Science campaign groups worry that the country’s research base is slowly being run down

The latest figures on UK spending on science, engineering and technology (SET) make gloomy reading for the new science minister Greg Clark. Investment continues to fall, as it has done since 2009.

In 2012, the government spent £10 billion allowing for inflation, according to new figures from the Office of National Statistics, previously published by the Department for Business, Innovation and Skills as the SET statistics. This is down 1% compared with 2011, in constant, rather than current, prices.

The latest figures show that spending on science, engineering and technology by the government has fallen 1%

Since the 1980s, there has been a gradual shift of funding from departments to the research councils and the Higher Education Funding Councils (HEFCs), and from defence to civil research. Between 2001 and 2012, defence expenditure on SET decreased by £1.2 billion in constant prices. This was offset by an increase in research councils’ expenditure on SET of almost £1 billion in the same period. Almost a third of expenditure came from the research councils (£3.2 billion) in 2012, with civil departments and HEFCs contributing 24% and 22%, respectively.

In 2012, expenditure on SET by research councils was £3.2 billion, a decrease of 4% compared with 2011 in constant prices, and a decrease from the peak of £3.5 billion in 2006. The research council with the highest expenditure on SET at £0.9 billion in 2012 was the Engineering and Physical Sciences Research Council (EPSRC), the biggest funder of UK chemistry. This represented 29% of all research council’s expenditure on SET.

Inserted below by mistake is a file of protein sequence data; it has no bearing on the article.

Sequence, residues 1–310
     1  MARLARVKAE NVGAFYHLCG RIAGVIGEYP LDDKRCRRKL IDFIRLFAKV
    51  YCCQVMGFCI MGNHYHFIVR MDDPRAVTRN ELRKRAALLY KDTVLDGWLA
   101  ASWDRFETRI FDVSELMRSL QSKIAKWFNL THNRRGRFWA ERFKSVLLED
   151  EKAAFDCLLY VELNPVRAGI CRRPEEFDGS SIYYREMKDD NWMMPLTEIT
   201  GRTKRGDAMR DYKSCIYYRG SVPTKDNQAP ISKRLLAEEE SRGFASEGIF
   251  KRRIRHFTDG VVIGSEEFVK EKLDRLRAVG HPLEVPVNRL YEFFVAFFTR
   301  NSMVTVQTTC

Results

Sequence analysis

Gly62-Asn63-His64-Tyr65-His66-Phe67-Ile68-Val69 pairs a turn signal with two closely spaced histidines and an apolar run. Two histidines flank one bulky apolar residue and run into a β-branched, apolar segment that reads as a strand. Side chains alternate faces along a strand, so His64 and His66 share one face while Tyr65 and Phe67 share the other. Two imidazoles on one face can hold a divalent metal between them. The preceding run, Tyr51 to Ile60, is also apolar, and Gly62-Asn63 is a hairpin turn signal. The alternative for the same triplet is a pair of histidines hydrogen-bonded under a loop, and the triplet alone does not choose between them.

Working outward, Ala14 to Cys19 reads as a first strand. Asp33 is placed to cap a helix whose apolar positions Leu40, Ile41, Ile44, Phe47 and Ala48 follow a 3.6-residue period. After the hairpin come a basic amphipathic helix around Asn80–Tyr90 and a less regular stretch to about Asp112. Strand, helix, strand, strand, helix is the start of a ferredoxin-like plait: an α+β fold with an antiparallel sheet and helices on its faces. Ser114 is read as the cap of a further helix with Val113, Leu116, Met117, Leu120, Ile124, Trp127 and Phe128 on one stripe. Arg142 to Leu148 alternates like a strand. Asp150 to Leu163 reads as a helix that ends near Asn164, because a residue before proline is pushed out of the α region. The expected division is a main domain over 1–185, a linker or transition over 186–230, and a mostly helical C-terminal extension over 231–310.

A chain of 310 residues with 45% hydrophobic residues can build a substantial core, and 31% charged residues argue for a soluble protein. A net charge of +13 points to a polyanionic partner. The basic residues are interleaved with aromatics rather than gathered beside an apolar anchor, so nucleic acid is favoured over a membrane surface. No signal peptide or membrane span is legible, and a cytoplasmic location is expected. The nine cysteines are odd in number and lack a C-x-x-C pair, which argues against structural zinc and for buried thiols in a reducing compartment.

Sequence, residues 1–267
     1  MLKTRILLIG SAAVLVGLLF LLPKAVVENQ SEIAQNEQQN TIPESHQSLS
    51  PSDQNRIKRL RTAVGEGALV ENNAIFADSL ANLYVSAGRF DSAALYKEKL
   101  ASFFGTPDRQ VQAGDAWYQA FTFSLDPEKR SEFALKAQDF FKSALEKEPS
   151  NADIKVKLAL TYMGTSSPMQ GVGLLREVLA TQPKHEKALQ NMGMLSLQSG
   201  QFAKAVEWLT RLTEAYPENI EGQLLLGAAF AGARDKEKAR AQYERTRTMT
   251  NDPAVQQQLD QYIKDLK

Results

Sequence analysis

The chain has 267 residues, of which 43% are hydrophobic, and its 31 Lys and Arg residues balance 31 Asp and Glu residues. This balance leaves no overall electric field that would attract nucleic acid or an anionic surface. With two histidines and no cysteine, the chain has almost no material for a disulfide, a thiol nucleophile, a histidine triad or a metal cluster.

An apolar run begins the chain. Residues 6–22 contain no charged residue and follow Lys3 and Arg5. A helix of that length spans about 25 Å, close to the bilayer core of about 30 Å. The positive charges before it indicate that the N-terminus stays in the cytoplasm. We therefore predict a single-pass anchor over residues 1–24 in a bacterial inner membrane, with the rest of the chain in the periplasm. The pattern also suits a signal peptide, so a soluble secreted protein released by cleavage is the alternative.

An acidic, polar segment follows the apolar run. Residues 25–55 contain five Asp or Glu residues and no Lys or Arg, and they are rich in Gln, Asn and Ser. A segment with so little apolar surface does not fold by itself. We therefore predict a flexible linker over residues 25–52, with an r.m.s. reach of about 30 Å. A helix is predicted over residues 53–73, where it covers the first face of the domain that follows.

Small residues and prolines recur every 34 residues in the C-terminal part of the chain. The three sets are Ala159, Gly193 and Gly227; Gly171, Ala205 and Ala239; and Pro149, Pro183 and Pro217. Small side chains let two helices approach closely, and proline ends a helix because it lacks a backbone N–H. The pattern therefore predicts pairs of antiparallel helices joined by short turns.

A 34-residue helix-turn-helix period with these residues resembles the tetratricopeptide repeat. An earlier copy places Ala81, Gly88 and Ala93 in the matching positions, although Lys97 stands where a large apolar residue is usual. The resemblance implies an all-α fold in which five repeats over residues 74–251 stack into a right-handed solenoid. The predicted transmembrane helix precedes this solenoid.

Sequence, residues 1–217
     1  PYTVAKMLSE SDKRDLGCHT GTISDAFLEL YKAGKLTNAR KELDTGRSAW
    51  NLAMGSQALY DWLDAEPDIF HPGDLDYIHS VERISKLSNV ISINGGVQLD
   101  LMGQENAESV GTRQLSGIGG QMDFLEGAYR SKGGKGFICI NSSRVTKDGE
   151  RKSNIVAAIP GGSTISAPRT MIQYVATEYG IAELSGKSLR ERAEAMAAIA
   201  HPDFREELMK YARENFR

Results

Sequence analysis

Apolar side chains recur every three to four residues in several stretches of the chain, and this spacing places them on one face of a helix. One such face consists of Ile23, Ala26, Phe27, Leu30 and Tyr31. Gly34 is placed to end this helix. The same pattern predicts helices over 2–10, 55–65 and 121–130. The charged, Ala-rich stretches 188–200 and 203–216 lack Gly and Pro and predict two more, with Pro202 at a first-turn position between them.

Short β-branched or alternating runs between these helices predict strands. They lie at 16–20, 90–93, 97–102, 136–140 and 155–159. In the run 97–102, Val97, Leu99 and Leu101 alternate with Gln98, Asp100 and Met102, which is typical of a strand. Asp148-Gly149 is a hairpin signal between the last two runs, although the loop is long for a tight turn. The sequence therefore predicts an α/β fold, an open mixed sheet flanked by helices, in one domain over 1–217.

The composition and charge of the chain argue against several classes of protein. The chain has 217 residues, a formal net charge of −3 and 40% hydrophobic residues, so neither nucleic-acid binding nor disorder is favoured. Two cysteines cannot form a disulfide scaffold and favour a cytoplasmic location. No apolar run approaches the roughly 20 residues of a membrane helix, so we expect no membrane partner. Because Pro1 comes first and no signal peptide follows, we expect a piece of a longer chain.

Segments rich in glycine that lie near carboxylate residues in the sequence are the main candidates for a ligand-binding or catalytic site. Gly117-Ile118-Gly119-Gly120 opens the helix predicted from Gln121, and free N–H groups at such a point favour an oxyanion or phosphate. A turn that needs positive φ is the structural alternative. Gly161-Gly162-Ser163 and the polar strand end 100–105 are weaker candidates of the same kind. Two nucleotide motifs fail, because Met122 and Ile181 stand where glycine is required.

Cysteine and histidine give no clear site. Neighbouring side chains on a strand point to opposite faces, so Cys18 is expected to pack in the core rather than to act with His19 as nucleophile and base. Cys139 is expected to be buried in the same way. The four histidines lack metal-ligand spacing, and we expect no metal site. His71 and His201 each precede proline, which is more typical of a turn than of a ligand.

‘The headline message for the minister, and indeed for all those with oversight of departmental R&D budgets, is that if we want to make the UK the best place in the world to do science, we need to see investment in science set on an upward trajectory as part of a long-term strategy,’ said Naomi Weir of the Campaign for Science and Engineering (CaSE). Historical and international comparisons show government investment in SET could be in better shape, she adds.

The new SET Statistics show that little has changed, says bioinformatician Andrew Steele, co-creator of Scienceogram, which campaigns for clearer reporting of government investment and policy objectives. ‘Investment in research has decreased significantly in real terms since the current government came to power. Working out exactly where the axe has fallen, and how hard, is made difficult by the complex way the figures are reported.’

Prospect, a union that represents engineers and scientists, is particularly concerned with the ‘damaging disconnect’ between budgeting for building important large-scale infrastructure but not setting aside money to run them, says Sue Ferns of Prospect. Future funding decisions should be motivated by strategic assessment of need, not favourable headlines, she says. ‘Government lacks a long-term strategy and investment plan,’ Ferns adds. ‘Funding for selected capital projects is no substitute for a co-ordinated approach that also provides stable funding for operational costs. Insufficient attention has been given to the need to ensure a suitably skilled workforce, including accounting for training costs and facilitating viable career paths.’